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Politics/Current Affairs

Want your first passport? Welcome to your passport interview

Wednesday, March 28th, 2007 at 11:40 by Sue Stewart

Are you a young person who’s never had your own passport? In fact, are you an old person who’s never had one, either?

Be careful, then, because if you want one, it looks like your chance to go through the usual process - sending off your form, waiting weeks, being told the delay’s your own fault for applying at peak time, then hearing that your form’s been lost - is going to get even more tortuous. The Identity and Passport Service are introducing interviews.

It’s nothing to be worried about, though. The scheme’s being introduced gradually, “starting with a limited service in April”. Well, that’s comforting - it wouldn’t do to shock us too much by introducing a wholesale change quickly and efficiently. All we’ve ever known is a limited service, after all.

The interview will be “conducted in a friendly manner, consisting mainly of asking applicants to confirm facts about themselves, which someone attempting to steal their identity may not know.” It should take about 30 minutes; it will take place at a venue not more than an hour’s travelling time from your home or workplace. (I can’t help noticing that it doesn’t mention how many hours you’ll have to wait before you’re interviewed, but maybe that’s just me being picky. I’m like that sometimes.)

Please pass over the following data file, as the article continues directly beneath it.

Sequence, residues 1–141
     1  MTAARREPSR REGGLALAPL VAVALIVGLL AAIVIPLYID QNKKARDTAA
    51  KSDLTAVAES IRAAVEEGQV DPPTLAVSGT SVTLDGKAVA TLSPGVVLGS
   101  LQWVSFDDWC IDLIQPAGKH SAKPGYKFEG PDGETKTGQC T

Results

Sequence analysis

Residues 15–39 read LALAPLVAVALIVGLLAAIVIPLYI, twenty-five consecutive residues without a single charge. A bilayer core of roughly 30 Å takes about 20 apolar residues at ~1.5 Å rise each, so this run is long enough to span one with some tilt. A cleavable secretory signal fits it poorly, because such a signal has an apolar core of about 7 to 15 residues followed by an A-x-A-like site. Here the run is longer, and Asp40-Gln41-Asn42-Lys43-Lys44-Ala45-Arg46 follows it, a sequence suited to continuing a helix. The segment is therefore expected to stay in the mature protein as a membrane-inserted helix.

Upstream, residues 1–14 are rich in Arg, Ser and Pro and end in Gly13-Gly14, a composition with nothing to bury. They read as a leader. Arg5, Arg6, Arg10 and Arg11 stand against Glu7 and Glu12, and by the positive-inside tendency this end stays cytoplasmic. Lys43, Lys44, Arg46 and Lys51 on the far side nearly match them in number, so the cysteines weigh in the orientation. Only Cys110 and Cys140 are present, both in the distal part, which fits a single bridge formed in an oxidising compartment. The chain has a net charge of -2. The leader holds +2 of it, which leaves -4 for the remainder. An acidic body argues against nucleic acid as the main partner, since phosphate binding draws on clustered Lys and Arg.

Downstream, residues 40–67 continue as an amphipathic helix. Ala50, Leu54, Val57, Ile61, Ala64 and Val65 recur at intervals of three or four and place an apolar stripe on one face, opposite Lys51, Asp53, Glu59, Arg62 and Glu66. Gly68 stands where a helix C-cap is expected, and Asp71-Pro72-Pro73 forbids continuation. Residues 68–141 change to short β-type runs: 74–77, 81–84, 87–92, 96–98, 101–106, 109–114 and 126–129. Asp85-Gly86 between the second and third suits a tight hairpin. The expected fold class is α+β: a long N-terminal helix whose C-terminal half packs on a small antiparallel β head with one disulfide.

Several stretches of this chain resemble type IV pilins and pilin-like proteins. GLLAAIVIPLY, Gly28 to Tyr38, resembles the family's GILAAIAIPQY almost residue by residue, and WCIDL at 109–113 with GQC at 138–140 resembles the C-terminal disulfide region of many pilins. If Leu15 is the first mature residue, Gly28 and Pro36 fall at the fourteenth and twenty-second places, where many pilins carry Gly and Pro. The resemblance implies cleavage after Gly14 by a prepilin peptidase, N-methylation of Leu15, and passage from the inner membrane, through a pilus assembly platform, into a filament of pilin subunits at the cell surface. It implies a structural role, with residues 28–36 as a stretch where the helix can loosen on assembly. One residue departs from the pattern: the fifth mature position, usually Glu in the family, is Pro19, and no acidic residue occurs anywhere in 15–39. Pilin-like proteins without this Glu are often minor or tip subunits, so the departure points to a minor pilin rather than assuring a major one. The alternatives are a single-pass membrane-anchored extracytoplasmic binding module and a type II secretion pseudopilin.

All of that is according to the IPS’s website, which you’ll notice is quite neutral in its phrasing. Not so the IPS’s chief executive, James Hall, who blithely stated in an interview, “[Applicants] will be asked questions that only they know the answer to.” Really? In that case, how will the IPS know the answer to them? Huh?

The IPS will know because the questions won’t be of the “What did we do when we were 8, that no-one else knows about” kind. They will be of the so-called social footprint kind - the kind that comes from electoral registers, birth and marriage certificates, credit reference agencies, etc.

This is the kind of information that good fraudsters spend a lot of time and money getting hold of. Even mediocre fraudsters can get it - the whole idea is that it’s freely available, if you know where to look. All the interviews are going to do is bog the process down even more for the rest of us - and for the poor sods who are just trying to clear their desks every day.

The IPS don’t need to rush headlong towards ID cards by any other name. All they need to do is to carry out the checks that they’ve already got in place effectively. Actually checking the passports that are being used would probably be a good idea, too.

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